Collaborative Assemblages

July 29th, 2012  |  Published in *, Summer 2012

Cynthia Gregory, Christian Schmit, & Greg Swiger, Boxophone, 2012.

By: Maria Seda-Reeder

“Found in Translation: Work by Cynthia Gregory, Christian Schmit and Greg Swiger” at
Semantics Gallery is the kind of show at which you can get lost.  The mostly miniature/sculptural works are tiny assemblages of objects that range from meticulously crafted to purposefully undone.  Diminutive paintings, drawings, furniture, and found objects round out a densely packed gallery of seventy-three discreet pieces—more if you count the few that occupy the hallway between the front and back galleries but are not listed on the Works Title sheet.

“Found” is ostensibly a “collaborative effort”—of which, five are actually co-authored.  Gregory says on her website that the show is the result of a call and response system between the three neighbors who left prompts on each other’s doorsteps; and the gallery is chockfull of fanciful vignettes on shelves installed along the walls around every turn.

Gregory crafts miniature recreations of banal yet sentimental objects (star charts, feathers, rocks, and books), but her work tends to be more two-dimensional, with the significant exception of her Poet’s Table—one of the few life-sized objects within “Found.”  The current graduate of DAAP’s MFA program has the most pieces in the show (thirty-nine compared to Schmit’s twenty-five and Swiger’s thirteen), lending “Found” an overall visual unity but it also seems crowded.

In American Heritage, World Book, two “books” rest on the floor against a window ledge and behind them is another mini fragment of an idea (matchbook tray with stamps and what appears to be a bingo chip inside), and the entire exhibition is chockfull of these.  While I enjoy the experience of discovery to which Gregory seems committed, and her quality of craftsmanship is painstaking, the work would do well to have more breathing room.

Swiger is also a recent DAAP MFA grad but his work is quite different:  less intent on craft than either Gregory or Schmit, Swiger’s work is easy to identify throughout “Found.”  Like the other two, he is equally interested in assemblages, but Swiger’s work is more colorful and disordered.  Although Swiger’s creative voice is recognizable, his work benefits from being paired with the other two.

For example, in Orange Box, Plant Table, Swiger & Schmit demonstrate their aforementioned call and response method:  upon one shelf, Schmit’s doll-sized table supports a potted miniature snake plant and, atop a corresponding shelf (just inches to the left and nearly out of viewable height), rests Swiger’s folded orange box held together by binder clip and a drawing of Schmit’s plant taped to the wall above it.  To join the two together, a green piece of string connects the shelves via their respective plants.  When taken together, Schmit’s simple model of a familiar object and Swiger’s conceptually based box and drawing have further resonance than they would if taken alone.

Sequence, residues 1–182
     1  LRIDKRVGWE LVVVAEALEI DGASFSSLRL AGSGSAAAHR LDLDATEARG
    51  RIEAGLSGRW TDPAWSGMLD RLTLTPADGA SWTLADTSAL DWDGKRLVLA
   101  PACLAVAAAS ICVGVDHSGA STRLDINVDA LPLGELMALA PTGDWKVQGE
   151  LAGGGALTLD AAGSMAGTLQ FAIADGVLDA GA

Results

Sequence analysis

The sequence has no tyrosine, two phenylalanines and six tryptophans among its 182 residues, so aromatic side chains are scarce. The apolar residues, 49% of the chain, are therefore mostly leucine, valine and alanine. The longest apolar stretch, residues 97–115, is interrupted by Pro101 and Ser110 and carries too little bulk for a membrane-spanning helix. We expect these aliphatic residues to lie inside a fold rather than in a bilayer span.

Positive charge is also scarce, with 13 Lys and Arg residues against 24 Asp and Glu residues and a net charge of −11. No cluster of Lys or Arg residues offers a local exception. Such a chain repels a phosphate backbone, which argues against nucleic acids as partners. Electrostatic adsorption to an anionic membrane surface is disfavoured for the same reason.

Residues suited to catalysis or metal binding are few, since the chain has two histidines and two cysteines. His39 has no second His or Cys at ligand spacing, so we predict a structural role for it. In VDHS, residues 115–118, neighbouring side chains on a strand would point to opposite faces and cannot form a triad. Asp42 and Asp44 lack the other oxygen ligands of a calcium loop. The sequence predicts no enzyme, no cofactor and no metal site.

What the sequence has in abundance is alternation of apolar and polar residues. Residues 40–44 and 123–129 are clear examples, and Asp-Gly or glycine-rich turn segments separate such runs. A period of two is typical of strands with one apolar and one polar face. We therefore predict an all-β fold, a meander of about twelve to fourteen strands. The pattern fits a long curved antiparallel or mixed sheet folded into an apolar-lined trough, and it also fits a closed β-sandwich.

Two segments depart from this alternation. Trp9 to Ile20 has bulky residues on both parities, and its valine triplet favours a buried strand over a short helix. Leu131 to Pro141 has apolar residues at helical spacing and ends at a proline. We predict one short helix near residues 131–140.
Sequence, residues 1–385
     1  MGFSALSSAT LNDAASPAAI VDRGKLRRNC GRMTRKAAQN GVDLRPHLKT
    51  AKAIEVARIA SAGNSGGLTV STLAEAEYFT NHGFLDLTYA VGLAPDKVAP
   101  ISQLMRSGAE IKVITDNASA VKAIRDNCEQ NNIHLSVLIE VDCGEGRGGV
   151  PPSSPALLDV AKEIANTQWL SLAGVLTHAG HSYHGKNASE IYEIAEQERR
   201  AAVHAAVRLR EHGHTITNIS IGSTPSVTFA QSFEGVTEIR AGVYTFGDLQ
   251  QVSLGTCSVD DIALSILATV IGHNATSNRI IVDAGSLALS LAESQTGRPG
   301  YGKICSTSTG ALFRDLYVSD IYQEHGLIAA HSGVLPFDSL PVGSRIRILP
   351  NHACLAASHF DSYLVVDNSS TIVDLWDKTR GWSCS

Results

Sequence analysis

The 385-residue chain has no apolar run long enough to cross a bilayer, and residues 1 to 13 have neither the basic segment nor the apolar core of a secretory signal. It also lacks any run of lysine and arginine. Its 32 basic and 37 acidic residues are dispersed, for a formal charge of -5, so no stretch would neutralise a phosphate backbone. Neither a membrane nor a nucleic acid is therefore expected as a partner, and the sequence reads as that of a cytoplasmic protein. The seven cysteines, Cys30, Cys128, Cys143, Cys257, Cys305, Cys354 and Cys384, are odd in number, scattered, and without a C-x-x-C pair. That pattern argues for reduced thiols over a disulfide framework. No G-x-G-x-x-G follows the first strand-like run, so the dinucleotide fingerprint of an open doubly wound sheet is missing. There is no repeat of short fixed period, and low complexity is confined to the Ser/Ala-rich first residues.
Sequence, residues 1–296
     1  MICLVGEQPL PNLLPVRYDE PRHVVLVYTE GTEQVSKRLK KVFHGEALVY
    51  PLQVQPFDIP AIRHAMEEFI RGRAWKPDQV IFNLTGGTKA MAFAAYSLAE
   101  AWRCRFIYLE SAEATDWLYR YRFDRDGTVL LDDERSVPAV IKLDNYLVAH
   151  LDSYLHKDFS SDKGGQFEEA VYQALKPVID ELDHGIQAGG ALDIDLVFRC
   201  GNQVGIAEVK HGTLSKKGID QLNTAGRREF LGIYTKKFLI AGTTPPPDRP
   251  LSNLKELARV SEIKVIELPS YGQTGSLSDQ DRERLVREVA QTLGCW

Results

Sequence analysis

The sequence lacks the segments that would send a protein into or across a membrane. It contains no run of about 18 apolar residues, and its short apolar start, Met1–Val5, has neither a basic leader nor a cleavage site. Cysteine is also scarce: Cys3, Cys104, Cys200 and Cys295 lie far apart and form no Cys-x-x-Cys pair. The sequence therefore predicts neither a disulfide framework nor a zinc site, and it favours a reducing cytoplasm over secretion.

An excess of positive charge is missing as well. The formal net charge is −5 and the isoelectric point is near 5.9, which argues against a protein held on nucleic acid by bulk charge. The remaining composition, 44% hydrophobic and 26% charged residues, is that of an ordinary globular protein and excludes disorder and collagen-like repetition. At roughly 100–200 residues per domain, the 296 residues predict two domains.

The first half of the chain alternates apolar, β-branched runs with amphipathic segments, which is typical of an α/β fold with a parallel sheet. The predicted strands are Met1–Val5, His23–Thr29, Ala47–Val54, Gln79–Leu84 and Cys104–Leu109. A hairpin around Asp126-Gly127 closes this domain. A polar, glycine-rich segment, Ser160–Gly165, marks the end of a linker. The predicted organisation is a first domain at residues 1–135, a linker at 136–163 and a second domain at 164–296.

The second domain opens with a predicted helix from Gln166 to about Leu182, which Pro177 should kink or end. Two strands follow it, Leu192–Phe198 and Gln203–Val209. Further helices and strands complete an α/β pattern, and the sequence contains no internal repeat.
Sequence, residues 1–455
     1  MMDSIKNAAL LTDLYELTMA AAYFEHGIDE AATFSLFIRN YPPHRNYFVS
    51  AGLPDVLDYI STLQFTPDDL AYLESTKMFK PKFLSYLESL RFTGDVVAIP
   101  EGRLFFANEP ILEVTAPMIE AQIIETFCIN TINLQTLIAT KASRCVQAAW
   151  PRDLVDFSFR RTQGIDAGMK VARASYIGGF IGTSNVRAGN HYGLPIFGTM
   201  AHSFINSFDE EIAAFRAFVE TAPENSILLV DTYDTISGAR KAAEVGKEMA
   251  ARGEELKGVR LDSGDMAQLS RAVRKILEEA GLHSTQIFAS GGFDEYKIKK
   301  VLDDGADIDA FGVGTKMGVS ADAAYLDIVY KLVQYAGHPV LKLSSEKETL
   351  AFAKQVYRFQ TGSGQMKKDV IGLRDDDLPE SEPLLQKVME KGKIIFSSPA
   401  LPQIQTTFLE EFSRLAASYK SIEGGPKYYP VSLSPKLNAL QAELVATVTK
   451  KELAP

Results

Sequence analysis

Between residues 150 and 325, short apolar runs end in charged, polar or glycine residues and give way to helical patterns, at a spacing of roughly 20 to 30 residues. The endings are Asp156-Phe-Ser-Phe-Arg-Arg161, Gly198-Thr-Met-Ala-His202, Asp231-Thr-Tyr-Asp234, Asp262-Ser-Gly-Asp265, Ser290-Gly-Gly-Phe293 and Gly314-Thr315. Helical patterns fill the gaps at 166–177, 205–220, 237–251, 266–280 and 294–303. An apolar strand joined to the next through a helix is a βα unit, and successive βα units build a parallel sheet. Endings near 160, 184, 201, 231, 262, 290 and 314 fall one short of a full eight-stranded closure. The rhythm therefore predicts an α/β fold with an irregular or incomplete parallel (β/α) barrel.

Schmit’s work is so sculpturally tinged that even his miniature painting The Teignmouth Electron contains three-dimensional elements (an attached overhead light that shines upon the maritime painting), and the frame/light component seems just as significant as the image itself.  The artist’s work is particularly more whimsical than his neighbors’ with pieces such as the doll-sized RocketMan’s Work Clothes (a hand sewn blue jumpsuit hung from a custom-made hanger upon a peg shelf, on top of which rests a wee red stocking cap) look like they were made for a Muppet or some other fantastical creature.

According to the exhibition bio for Schmit, for the last several years his work has been dedicated to a large-scale installation piece entitled “A Memory Rocket” depicting a last man on earth character.  The artist extracted his “sculptural manifestations of thoughts and memories” from the aforementioned Rocket, in order to work them into more stand-alone pieces for “Found,” but they retain their imaginative quality.

The small shelves used for exhibiting these precious, multi-piece groupings are a unifying technique throughout and parallel Schmit’s & (to a lesser extent) Gregory’s interest in placing objects upon some kind of pedestal.  Tables abound within the exhibition and many pieces involve multiple bases:  boxes are stacked, books are piled, and smaller tables rest upon larger ones, placed upon shelving.  While this technique makes for attention-provoking work, the exhibition can seem visibly chaotic without the space to process it all.

The works are installed at varying heights along the walls (some so far above it is nearly impossible to see), propped on the floor, along windowsills & mantels—demonstrating a keen interest in capturing viewers’ attentions.   Many pieces are hidden just out of sight, (as in Swiger’s Seahorse or Gregory’s aforementioned American Heritage, World Book), only visible from behind via a mirror (a la Gregory’s Mantlings), or implicative of visibility (as Schmit does with his moving Blue Box with its opening and closing mechanism.)

There is so much to see in “Found” and it is filled with sparkling moments of discovery, but its strength is also its weakness: there can be too much of a good thing.  Because there are so many pieces in the show and each artist is committed to the idea of assemblage, the work loses some of its preciousness, which, taken alone, might have a stronger impact.  The sheer number and resultant visual chaos feels overwhelming at points, but if viewers allow themselves to get lost in the details the content of “Found” is treasurable.

“Found In Translation Work by Cynthia Gregory, Christian Schmit and Greg Swiger” runs through Saturday, July 28 at Semantics Gallery


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